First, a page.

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Malware may knock thousands off Internet on Monday
Question of the Day
Despite repeated alerts, tens of thousands of Americans may still lose their Internet service Monday unless they do a quick check of their computers for malware that could have taken over their machines more than a year ago.
According to the FBI, the number of computers that probably are infected is more than 277,000 worldwide, down from about 360,000 in April. About 64,000 still-infected computers are probably in the United States.
The Canadian Internet Registration Authority said about 25,000 of the computers initially affected by the malware were in Canada, but now only about 7,000 machines remain infected there, according to Canadian Internet Registration Authority spokesman Mark Buell.
He said his organization, together with Public Safety Canada and the Canadian Radio-television Telecommunications Commission, has developed an online site where computer users can check their computers for the malware.
People whose computers are still infected Monday will lose their ability to go online, and they will have to call their service providers for help deleting the malware and reconnecting to the Internet.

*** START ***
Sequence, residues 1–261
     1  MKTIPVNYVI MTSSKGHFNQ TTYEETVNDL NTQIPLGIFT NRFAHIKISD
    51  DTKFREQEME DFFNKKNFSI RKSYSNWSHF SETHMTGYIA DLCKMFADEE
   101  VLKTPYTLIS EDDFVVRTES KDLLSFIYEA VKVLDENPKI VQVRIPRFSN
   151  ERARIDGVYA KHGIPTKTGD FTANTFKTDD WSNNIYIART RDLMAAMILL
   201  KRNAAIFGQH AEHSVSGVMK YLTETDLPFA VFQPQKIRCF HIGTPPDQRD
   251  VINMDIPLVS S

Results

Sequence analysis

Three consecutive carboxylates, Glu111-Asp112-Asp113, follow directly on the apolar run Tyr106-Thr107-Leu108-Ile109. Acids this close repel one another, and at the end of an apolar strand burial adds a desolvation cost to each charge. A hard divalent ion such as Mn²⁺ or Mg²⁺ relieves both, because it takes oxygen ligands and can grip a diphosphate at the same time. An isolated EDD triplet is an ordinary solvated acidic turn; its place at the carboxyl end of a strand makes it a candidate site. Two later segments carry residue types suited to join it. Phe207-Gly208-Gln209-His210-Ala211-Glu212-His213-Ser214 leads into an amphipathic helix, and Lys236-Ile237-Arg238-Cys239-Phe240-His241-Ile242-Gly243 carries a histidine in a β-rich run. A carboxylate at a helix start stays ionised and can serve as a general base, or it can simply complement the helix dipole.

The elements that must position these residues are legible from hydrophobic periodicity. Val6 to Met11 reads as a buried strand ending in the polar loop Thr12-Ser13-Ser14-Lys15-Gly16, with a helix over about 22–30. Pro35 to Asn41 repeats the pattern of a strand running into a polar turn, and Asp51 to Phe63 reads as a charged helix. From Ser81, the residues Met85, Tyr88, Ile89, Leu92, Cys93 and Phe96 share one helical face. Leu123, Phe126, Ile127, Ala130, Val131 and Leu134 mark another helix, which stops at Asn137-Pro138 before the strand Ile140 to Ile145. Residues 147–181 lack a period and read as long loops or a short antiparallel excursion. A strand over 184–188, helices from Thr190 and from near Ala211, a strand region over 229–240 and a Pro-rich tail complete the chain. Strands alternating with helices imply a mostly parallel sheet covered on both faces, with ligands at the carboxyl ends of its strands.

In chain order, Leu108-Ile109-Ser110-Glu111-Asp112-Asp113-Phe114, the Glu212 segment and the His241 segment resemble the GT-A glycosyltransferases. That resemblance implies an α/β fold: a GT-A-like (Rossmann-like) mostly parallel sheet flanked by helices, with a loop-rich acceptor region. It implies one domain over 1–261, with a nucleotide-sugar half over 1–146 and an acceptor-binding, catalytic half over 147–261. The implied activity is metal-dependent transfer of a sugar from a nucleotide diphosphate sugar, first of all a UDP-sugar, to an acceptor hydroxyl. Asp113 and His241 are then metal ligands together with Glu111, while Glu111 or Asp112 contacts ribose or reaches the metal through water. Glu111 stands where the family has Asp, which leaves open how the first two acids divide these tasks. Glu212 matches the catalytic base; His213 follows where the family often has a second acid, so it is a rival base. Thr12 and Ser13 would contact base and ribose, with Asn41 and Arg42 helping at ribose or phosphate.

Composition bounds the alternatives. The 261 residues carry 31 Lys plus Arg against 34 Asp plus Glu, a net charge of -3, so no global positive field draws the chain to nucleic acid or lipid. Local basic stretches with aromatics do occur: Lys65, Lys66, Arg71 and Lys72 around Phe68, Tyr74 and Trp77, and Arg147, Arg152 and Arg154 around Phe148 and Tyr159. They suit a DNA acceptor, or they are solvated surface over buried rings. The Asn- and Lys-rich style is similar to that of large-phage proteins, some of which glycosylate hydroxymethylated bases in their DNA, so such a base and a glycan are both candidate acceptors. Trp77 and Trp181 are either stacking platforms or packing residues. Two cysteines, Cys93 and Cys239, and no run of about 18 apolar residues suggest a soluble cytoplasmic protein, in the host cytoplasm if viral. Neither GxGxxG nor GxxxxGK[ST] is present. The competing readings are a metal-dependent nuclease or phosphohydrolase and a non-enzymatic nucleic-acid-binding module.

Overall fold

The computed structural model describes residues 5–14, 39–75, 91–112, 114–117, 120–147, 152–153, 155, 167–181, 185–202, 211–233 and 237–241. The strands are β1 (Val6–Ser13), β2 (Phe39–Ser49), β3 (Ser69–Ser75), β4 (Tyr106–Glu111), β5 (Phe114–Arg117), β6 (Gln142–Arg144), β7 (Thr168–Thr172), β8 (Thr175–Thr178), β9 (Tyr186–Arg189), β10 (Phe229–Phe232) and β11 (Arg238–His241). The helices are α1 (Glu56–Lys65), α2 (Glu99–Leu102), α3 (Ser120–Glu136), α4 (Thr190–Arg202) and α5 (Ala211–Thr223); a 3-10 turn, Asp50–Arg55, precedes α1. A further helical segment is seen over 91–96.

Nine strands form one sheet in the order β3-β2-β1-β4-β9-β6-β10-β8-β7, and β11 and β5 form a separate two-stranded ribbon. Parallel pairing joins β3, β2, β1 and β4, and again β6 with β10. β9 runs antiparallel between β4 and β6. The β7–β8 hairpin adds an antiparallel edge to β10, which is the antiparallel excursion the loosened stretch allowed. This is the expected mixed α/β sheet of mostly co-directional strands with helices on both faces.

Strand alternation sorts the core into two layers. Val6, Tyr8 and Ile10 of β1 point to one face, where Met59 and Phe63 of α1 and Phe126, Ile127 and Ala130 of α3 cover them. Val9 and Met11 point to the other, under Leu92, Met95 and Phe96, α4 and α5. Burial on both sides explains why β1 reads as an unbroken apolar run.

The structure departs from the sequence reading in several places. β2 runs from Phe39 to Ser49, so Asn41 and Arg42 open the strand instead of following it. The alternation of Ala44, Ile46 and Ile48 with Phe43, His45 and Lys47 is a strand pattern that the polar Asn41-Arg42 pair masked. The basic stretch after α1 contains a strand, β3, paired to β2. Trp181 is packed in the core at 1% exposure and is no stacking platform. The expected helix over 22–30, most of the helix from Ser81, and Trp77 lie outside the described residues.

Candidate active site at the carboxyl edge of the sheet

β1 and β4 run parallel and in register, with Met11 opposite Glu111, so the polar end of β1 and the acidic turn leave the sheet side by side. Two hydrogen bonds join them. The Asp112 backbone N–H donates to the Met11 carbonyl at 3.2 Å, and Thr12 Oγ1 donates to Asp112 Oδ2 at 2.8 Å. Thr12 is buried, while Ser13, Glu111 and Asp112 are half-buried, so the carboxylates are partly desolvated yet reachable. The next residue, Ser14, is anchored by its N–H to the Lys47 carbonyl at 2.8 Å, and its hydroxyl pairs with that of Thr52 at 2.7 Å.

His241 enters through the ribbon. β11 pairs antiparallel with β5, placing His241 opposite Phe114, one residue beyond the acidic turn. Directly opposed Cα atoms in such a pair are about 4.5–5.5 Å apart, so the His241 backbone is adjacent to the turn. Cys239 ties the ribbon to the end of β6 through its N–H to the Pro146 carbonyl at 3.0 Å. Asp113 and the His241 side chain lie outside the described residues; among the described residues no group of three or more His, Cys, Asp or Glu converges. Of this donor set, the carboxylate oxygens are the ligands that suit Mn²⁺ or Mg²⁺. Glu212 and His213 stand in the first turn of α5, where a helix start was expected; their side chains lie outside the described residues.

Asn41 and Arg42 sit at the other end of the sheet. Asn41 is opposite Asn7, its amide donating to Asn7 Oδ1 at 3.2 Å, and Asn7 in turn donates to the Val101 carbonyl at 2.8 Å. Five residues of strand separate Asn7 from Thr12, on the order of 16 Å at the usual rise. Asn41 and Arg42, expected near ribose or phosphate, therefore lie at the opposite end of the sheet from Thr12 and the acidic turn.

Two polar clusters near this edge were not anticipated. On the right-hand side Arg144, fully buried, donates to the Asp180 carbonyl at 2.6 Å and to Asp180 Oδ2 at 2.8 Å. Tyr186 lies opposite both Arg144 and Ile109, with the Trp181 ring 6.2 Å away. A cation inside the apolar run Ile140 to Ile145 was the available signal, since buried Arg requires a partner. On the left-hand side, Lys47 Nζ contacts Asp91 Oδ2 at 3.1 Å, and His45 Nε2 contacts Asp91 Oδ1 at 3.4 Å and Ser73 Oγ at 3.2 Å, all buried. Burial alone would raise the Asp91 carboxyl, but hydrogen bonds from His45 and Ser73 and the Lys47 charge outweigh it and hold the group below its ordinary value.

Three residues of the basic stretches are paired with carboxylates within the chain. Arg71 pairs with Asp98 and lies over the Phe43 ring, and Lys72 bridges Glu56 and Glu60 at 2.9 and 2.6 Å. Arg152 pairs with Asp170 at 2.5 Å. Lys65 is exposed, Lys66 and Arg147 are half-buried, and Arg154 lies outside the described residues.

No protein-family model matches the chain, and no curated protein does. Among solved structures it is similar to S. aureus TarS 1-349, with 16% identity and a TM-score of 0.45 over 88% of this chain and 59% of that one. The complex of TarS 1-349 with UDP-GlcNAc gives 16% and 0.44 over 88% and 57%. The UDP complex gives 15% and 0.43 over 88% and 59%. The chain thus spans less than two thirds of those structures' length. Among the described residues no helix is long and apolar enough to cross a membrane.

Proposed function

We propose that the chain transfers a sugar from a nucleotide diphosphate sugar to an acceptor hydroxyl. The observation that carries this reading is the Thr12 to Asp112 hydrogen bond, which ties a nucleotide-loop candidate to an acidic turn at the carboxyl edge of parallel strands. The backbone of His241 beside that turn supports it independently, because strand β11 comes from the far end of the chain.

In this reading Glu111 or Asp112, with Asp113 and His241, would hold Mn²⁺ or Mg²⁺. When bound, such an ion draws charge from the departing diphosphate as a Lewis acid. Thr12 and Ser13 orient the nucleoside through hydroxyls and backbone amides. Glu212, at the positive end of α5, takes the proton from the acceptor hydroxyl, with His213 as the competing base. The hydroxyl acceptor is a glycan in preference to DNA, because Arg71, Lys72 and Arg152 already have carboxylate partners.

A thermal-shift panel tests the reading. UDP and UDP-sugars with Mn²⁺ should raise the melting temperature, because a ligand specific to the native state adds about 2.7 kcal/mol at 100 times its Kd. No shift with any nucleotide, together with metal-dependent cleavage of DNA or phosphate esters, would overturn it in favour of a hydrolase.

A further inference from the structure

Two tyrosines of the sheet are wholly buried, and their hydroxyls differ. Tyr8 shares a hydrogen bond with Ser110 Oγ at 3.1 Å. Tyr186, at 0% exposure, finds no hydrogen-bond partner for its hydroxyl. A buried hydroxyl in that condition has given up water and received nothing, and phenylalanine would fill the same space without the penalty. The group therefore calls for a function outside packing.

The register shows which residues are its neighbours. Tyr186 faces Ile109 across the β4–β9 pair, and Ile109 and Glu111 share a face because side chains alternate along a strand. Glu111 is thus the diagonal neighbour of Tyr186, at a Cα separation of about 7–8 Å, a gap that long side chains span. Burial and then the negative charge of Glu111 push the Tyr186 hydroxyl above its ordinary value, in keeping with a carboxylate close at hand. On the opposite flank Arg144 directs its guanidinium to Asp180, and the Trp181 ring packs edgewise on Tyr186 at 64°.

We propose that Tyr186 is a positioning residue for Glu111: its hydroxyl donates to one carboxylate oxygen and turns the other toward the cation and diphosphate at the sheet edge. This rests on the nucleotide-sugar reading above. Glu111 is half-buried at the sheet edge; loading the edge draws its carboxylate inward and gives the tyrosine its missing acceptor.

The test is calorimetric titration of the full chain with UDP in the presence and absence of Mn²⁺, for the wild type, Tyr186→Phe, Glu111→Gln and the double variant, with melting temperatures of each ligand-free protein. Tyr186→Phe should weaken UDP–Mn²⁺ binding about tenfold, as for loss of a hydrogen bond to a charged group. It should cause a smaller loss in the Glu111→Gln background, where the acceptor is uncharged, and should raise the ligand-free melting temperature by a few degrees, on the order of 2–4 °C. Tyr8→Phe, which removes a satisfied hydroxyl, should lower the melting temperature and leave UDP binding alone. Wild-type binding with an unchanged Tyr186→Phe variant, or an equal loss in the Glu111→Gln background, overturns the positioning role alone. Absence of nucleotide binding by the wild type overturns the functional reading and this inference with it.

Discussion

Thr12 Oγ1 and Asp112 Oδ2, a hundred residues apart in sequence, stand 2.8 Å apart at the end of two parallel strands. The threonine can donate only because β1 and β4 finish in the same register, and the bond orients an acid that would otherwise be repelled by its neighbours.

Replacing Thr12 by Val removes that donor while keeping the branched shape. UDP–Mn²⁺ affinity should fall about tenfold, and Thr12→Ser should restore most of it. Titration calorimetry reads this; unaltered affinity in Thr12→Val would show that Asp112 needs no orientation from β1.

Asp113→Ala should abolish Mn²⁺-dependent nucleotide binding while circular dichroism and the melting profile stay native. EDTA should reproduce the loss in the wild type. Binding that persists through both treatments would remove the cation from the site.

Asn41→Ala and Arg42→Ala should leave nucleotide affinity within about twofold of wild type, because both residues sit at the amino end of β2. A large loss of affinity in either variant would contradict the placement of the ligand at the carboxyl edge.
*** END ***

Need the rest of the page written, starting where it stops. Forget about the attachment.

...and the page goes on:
The problem began when international hackers ran an online advertising scam to take control of more than 570,000 infected computers around the world. When the FBI went in to take down the hackers late last year, agents realized that if they turned off the malicious servers being used to control the computers, all the victims would lose their Internet service.
In a highly unusual move, the FBI set up a safety net. They brought in a private company to install two clean Internet servers to take over for the malicious servers so that people would not suddenly lose their Internet.
And while it was the first time they’d done something like that, FBI officials acknowledged that it may not be the last, since authorities are taking on more of these types of investigations.
The temporary Internet system they set up, however, will be shut down at 12:01 a.m. EDT Monday, July 9.
Most victims don’t even know their computers have been infected, although the malicious software probably has slowed their online surfing and disabled their antivirus software, making their machines more vulnerable to other problems.
But popular social networking sites and Internet providers have gotten more involved, reaching out to computer users to warn of the problem.
• AP writer Charmaine Noronha contributed to this report.
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